by Asset Allocation Committee
While the financial industry is rife with performance comparisons to selected benchmarks, the most important investing goal for the majority of clients is a return above inflation that avoids catastrophic losses. Although beating the S&P 500 is a nice goal, solely focusing on that outcome may lead an investor to accept more risk than appropriate. This is an age-old issue where one confuses ends with means. Benchmarking is a means to an end. A benchmark gives investors some insight into how their investments are doing but should never be considered an end in itself. Sadly, measurement of performance seems to have eclipsed, and even replaced, the principal goals for clients. In other words, the benchmark has become the goal.
A good example of the problem with benchmarking is found in academia. Students have been told that the “4.0” is the clear marker of academic success. Now, getting all “As” is a good thing. But, anyone who has been to college knows that the GPA can be gamed. Students can fill their electives with easy courses. They can select the easiest professors in their major’s hardest courses. And, they can cheat. Or, perhaps equally as perverse, they can “know it for the test.” In other words, they can memorize the necessary information but fail to really understand it. Resolving this issue is part of hiring new graduates. There are ways to ferret out who knows their stuff and who gamed. Checking transcripts is a good way to look for clues—what were the electives and how did the candidate do in the hard classes? Another is to ask questions about the most basic components of a discipline but in a way that is rarely presented in class. An example for economists is, “Assume all drug users are addicts; what is the best way to reduce illicit drug consumption?” However, how many positions are filled by candidates who are screened by GPA? In other words, how many good candidates never get an interview because their GPA fell below 3.5 because they took more challenging course work?
Let’s suppose that instead of attempting to help clients accumulate wealth within their acceptable risk tolerance, the goal was to outperform the S&P 500 Index and the criteria was what outperformed the index over the past seven calendar years. Out of the 34,468 U.S. dollar-based indices in Morningstar’s database, the sole index that met this criteria was the S&P HealthCare Equipment Select Industry Index. Naturally, exposure exclusively to this single index would be a poor investment strategy for the vast majority of clients, as it would expose them to very specific risks, yet it underscores the notion that simply striving to outperform the return of a particular index is fraught with the potential risk of a permanent impairment of capital.
Another problem that arises in making relative performance the principal objective is the potential for miscreants to juggle benchmarks in order to appear successful. As an example, the table below illustrates the divergence that is associated with popular small cap growth benchmarks. While all four of the benchmarks in the table are from highly reputable providers with well-documented methodologies for the U.S. small cap growth stocks included in their indices, the variance among these four in any given year can be profound. Note that even with indices from the same vendor the differences can be significant as evidenced by the MSCI U.S. Small Cap Growth Index varying from the MSCI U.S.A. Small Growth by 244 basis points in 2018.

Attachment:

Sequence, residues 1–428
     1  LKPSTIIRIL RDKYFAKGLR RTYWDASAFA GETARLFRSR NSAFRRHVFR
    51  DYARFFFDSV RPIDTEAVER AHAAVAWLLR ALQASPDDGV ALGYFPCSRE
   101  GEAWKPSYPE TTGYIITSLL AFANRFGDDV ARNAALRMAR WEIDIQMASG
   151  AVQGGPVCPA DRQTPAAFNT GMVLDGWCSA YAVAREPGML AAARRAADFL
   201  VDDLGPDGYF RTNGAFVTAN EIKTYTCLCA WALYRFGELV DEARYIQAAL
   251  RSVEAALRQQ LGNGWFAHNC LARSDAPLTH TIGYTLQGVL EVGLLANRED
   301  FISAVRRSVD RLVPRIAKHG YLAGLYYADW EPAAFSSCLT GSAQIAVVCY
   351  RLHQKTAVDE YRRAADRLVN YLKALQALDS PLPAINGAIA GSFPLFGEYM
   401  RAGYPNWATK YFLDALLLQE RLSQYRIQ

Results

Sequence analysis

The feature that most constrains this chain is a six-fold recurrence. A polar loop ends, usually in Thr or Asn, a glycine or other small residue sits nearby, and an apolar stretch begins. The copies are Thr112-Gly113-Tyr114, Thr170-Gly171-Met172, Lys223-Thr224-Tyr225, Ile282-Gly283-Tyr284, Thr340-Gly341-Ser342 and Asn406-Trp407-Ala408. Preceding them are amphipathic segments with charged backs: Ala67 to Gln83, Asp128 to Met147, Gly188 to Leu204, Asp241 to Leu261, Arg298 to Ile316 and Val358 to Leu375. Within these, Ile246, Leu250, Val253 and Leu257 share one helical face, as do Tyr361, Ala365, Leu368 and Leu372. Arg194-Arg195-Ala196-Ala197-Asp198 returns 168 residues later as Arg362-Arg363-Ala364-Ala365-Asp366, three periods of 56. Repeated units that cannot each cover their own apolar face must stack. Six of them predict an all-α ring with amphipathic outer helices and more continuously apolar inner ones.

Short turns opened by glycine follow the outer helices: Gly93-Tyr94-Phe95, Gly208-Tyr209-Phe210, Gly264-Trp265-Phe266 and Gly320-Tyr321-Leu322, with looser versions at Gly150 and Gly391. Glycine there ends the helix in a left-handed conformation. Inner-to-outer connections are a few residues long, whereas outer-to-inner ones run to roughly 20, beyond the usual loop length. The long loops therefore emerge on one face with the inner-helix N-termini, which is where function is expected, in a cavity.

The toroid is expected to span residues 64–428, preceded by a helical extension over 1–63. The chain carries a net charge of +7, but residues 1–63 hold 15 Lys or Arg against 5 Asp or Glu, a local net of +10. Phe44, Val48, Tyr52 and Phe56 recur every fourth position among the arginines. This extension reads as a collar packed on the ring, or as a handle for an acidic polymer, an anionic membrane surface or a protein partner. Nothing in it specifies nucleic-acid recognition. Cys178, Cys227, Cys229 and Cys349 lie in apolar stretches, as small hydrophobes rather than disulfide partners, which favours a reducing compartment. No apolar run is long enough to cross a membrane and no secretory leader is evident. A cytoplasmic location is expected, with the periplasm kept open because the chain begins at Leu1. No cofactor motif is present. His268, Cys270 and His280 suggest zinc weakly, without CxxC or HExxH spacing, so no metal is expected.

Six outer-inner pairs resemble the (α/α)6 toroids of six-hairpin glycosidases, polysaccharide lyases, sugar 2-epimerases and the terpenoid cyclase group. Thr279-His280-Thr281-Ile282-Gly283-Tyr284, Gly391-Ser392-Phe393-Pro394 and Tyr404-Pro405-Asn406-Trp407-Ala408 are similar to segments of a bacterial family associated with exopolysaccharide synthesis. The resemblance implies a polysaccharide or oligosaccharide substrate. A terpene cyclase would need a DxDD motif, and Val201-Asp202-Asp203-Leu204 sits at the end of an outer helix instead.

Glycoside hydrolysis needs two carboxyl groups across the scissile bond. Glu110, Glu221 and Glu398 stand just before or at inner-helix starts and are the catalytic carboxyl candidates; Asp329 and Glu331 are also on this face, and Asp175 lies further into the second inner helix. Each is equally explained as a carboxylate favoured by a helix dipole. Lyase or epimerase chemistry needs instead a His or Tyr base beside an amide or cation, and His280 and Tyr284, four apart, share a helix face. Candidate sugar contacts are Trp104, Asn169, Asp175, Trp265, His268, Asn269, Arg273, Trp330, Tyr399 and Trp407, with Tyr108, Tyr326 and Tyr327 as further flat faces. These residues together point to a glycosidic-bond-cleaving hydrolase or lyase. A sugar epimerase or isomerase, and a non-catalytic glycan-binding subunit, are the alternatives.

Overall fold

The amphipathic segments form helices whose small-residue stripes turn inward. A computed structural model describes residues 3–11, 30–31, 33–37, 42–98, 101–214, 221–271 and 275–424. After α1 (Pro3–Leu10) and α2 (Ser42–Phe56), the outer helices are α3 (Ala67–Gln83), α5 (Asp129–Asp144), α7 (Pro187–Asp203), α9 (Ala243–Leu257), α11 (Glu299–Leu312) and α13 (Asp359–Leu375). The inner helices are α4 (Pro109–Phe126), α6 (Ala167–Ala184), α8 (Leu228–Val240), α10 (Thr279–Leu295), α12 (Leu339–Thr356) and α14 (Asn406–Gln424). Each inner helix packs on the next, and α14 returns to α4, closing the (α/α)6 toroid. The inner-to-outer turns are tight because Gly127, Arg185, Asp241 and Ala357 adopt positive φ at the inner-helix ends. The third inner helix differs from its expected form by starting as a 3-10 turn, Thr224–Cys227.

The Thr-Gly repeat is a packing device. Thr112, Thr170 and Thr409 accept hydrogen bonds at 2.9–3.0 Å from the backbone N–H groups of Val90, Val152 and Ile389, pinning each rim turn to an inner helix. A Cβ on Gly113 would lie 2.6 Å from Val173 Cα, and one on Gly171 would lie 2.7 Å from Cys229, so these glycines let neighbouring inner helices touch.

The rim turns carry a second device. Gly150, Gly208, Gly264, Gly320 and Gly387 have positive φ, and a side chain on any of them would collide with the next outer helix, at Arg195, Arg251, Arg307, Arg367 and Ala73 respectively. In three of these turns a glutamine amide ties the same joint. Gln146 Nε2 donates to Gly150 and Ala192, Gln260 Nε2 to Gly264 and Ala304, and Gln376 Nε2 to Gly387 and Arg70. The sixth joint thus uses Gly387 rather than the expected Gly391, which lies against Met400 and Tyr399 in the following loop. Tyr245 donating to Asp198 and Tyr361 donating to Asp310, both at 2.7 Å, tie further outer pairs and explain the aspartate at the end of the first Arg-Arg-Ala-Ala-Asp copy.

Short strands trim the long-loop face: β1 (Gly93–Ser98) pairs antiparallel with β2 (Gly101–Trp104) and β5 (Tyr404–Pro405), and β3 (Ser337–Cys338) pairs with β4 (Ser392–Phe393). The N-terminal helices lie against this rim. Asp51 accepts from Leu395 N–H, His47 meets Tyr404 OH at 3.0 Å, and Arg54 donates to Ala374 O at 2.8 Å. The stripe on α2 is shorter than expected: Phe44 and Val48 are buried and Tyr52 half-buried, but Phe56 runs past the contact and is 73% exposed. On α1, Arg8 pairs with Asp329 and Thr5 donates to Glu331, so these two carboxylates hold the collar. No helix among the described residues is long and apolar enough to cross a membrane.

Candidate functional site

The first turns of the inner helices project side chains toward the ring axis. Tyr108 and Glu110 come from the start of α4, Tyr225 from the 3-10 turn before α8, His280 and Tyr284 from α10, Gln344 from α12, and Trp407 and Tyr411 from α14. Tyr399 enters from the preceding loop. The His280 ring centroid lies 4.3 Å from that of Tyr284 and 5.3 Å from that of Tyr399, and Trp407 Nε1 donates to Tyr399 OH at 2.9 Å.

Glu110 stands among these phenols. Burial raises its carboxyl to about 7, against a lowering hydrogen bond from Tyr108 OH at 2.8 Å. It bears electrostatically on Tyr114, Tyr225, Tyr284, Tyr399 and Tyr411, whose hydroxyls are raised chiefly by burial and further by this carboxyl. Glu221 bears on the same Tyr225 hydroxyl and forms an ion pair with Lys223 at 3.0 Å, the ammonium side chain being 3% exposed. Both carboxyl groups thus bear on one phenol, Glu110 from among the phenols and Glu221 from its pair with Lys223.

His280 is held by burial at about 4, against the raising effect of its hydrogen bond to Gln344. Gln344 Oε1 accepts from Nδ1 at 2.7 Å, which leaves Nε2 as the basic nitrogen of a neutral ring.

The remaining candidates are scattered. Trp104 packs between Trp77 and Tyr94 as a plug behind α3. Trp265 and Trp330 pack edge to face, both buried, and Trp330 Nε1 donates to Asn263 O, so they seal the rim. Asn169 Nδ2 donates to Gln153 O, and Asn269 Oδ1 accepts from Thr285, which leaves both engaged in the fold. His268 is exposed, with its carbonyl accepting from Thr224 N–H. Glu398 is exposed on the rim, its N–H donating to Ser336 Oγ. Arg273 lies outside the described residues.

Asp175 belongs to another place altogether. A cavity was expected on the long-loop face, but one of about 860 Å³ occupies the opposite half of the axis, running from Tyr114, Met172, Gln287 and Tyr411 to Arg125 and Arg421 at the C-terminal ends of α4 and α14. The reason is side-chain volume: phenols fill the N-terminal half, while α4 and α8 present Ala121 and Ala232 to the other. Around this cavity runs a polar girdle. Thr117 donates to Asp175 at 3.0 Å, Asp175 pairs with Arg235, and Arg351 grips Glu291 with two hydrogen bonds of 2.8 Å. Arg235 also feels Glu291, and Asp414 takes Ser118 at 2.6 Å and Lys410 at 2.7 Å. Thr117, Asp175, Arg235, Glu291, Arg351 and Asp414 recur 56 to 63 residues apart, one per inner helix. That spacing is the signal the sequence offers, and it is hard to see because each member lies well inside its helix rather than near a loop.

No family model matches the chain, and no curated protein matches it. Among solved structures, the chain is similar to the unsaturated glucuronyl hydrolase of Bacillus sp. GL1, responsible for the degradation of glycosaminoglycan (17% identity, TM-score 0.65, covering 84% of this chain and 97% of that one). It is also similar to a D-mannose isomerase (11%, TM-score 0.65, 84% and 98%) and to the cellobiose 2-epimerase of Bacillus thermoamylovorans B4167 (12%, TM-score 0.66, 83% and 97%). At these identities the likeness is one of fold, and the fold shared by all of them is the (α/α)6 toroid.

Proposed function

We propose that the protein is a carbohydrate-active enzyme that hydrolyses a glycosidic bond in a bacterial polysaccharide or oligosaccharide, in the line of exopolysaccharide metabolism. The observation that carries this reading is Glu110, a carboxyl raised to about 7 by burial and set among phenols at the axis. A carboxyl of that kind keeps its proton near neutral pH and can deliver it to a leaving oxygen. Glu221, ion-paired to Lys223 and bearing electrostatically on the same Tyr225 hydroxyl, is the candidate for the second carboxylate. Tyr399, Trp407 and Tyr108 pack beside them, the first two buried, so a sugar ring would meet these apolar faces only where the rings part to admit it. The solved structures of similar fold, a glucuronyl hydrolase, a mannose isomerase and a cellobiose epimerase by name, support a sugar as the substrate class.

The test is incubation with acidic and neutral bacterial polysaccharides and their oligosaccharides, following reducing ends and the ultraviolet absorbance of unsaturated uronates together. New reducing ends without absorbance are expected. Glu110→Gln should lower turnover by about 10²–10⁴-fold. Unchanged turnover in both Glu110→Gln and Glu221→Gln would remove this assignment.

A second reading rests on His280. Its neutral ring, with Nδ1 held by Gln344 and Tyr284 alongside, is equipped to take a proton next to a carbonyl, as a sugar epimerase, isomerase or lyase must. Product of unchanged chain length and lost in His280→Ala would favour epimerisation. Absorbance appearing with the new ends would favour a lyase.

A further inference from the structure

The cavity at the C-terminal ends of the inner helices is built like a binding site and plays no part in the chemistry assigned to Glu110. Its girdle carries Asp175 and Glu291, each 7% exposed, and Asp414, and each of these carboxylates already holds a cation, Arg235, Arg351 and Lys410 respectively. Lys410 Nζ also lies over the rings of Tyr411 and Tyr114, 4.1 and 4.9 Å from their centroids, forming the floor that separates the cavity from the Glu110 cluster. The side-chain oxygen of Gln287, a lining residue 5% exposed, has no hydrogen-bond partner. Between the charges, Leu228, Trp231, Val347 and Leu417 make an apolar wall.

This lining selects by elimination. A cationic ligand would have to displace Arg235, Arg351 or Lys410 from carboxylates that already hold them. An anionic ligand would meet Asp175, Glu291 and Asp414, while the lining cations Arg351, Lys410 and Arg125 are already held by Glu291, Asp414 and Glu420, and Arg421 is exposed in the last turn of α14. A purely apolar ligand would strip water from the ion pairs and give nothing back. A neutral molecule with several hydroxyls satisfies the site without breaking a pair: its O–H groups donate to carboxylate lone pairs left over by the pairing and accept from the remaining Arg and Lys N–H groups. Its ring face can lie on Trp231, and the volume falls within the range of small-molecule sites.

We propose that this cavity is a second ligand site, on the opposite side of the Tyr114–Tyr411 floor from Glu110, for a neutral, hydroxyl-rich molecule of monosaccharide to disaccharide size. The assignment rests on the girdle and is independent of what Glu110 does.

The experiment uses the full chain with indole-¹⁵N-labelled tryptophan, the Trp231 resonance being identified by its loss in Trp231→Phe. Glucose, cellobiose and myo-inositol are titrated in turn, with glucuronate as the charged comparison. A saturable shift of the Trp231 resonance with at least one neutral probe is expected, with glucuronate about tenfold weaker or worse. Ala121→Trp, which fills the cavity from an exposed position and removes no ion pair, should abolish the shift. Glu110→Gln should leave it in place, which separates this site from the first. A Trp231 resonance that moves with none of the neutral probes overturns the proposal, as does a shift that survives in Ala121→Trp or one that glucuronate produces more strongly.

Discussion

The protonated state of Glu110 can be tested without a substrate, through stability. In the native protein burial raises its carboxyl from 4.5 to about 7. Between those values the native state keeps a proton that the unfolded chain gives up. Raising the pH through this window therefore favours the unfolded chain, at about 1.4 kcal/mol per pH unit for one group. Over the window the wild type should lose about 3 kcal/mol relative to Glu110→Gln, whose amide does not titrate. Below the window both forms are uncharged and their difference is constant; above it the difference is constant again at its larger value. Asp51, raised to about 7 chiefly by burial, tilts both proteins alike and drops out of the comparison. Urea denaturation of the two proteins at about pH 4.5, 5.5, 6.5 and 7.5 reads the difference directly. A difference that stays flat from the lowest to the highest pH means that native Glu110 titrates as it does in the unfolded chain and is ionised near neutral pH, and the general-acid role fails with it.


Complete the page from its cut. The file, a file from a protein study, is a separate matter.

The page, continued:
A further complication that may be encountered is the utilization of benchmarks that incorporate significant complexity in the myriad sub-asset classes that roll up to major asset classes. The resulting information will be a hash of statistics that are of little use to either investors or advisor supervision.
These potential pitfalls do not obviate the necessity of monitoring and evaluating relative performance as part of proper due diligence. The evaluation of a manager’s portfolio or asset allocation strategy against an appropriate benchmark is an essential tool for validation of an investment thesis, which can lead to the achievement of the client’s goals. However, this can be taken to extremes. Our industry’s all-consuming fascination with performance measurement has the potential to cause actions that are perpendicular to the goal of inflation-adjusted wealth creation, such as performance chasing.
What, then, is the correct approach to ensure a manager is properly positioned in a client’s portfolio or an asset allocation strategy is appropriate to help attain the client’s goal? The most straightforward means is to evaluate a manager or asset allocation strategy against a benchmark that is objective, possesses a sound methodology, recognizable, germane to the asset class represented and free of unnecessary complexity. For this last facet, the notion of Occam’s razor applies. This approach will naturally yield significant tracking error; however, tracking error should not only be expected, but embraced, for an active manager. While on a quarter-to-quarter basis investors may observe divergent returns relative to the benchmark, during discrete, representative periods and especially through a full market cycle, an uncomplicated and recognizable benchmark will represent a solid barometer against which to measure the risk-adjusted return of a manager or investment strategy. This will serve to evaluate whether the manager or strategy is contributing to the overarching client goal. But, ultimately, the key point to remember is that a benchmark is a means to an end, not an end in itself.
 If all users are addicts, then the demand curve is highly inelastic. Reducing supply merely drives up the price, but reducing demand (drug rehab, substitution) could reduce demand and have the biggest effect on reducing consumption.